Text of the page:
Language is the same - keep using it and keep working on getting better. But no one can FORCE someone to learn a language. The person who has to learn it should open up to it him/herself. No language can be formulaic; every language contains a culture - in my experience of learning English, I think it was easier for me to just "go with the feeling" and not stick to grammar, vocabulary, etc. They just come naturally with reading, writing, speaking, listening more in daily life.
  • rayna3rayna3 Registered User Posts: 2,530 Senior Member
    If your exposed to a language entirely- seeing it, listening, speaking, etc. you can become fluent extremely fast.

    I know some people who become fluent in Japanese in 1.5 years while living in America (from nothing to job in Tokyo). Their area wasn't Japanese, but they made what they watched, listened to, and read in Japanese.

    Great job, mmmaythe. I think maybe if your counselor or maybe you wrote about it in an essay or something, colleges would look "favorably" on it.

    ^^ my 2 cents. take it or leave it ^.^
  • mmmaythemmmaythe Registered User Posts: 269 Junior Member
    Really? I never thought of this as something to include in my essay!
    Yay :D Thanks rayna3!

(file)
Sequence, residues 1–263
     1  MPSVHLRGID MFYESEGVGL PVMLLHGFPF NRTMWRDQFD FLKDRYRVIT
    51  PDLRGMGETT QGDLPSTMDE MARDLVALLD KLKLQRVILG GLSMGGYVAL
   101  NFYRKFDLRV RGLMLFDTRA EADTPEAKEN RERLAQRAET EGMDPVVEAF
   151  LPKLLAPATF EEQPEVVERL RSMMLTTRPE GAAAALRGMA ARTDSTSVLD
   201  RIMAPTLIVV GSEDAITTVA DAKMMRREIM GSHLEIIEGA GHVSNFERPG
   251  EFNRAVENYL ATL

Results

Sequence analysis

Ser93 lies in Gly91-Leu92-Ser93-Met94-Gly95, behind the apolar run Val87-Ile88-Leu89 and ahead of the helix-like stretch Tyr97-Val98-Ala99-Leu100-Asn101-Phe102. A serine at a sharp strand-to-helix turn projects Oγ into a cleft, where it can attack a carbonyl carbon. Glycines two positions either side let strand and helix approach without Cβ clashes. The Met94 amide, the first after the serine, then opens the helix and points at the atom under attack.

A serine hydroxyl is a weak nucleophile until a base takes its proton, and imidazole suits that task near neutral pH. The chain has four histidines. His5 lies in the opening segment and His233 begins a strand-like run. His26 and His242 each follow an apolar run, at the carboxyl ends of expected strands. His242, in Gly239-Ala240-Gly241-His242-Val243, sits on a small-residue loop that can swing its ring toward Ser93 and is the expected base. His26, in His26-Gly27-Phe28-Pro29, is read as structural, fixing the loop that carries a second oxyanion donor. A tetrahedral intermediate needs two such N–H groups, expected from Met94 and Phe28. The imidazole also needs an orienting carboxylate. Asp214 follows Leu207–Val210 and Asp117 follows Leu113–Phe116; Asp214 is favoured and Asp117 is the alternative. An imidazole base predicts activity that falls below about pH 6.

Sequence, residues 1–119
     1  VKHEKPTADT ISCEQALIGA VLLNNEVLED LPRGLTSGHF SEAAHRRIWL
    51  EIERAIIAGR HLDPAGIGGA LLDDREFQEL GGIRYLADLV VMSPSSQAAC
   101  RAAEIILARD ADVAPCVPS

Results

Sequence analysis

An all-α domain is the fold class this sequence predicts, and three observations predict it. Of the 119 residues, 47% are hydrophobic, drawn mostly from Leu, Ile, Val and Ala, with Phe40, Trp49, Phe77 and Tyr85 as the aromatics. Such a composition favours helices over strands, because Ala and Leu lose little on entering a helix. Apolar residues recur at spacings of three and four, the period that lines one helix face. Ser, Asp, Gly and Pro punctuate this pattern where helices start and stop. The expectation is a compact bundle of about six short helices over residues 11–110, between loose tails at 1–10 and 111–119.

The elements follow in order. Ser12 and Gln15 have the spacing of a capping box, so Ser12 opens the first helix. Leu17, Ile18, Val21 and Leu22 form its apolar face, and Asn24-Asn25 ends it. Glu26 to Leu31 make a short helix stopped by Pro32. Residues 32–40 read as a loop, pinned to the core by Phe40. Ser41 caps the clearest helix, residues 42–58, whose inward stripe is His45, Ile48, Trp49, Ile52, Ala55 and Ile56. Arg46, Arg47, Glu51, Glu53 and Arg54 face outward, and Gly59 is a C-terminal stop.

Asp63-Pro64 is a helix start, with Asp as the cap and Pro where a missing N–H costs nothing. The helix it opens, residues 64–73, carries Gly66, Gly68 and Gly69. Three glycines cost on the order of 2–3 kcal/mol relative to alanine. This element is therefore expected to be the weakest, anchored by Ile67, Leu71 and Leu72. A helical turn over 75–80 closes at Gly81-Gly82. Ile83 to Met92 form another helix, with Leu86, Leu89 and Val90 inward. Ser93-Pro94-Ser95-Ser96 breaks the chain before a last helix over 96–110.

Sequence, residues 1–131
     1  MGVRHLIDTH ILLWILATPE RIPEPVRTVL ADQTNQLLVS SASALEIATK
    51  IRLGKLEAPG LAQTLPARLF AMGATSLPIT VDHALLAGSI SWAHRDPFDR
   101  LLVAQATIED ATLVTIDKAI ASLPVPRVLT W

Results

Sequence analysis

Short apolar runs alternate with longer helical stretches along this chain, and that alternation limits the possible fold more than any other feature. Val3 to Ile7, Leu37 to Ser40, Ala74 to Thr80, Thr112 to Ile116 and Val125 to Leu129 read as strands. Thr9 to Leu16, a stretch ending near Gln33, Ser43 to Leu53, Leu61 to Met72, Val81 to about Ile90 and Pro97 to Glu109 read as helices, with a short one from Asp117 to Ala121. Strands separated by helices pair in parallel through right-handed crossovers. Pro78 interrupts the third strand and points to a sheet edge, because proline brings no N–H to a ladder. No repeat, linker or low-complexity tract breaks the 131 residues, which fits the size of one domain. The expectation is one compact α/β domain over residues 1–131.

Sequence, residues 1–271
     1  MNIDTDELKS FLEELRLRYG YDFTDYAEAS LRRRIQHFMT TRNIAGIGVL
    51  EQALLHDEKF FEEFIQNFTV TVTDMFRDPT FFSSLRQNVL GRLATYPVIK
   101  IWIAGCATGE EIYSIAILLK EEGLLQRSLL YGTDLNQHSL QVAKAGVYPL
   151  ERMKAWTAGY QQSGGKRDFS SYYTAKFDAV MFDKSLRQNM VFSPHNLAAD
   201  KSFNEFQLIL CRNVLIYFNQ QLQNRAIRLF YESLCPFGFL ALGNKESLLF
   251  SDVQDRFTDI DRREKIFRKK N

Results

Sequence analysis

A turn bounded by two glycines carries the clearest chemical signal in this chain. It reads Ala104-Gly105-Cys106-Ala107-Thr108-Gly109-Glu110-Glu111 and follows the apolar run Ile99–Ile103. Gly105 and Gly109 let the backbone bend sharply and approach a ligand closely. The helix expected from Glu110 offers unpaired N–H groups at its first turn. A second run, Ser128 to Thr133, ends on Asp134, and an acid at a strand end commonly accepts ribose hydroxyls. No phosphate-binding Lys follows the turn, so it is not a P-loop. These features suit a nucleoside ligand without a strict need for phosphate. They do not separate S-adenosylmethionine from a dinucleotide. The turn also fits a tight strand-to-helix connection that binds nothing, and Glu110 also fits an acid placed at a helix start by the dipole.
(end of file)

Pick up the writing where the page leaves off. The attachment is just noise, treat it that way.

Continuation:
• rayna3rayna3 Registered User Posts: 2,530 Senior Member
    No problem =)

    It's just a suggestion... but I'm glad I helped. It could show Emory your "determination" and that your a "hard worker" and such.
  • ThunderFan1ThunderFan1 Registered User Posts: 913 Member
    I personally had some family stuff, instead of just mentioning it and whining I incorperated it into my essays and stated how I've grown since then and learned from the experience, my rising GPA since sophomore year (when it happened) have mirrored my claims

    I'm pretty sure they take it into account
  • mimizistmimizist Registered User Posts: 250 Junior Member
    Yeah, they will most likely take those into account, but you really shouldn't expect them to do so--you are just fortunate if they do. Personally, I also had a hard way through high school, experienced probably no less hardships than you did: came to states in 8th grade from asia, parents divorce and remarriage, transfered 5 times in 5 years...While my GPA is still above average, I would recommend protraying yourself as an opstimistic individual with preserverance and determination. After all, it's the attitude that matters the most at this stage of your life.

    That being said, I pretty much did the same thing as jkaplan1212. If your stats don't stand out, make sure your essays shine.

    Good luck =)
This discussion has been closed.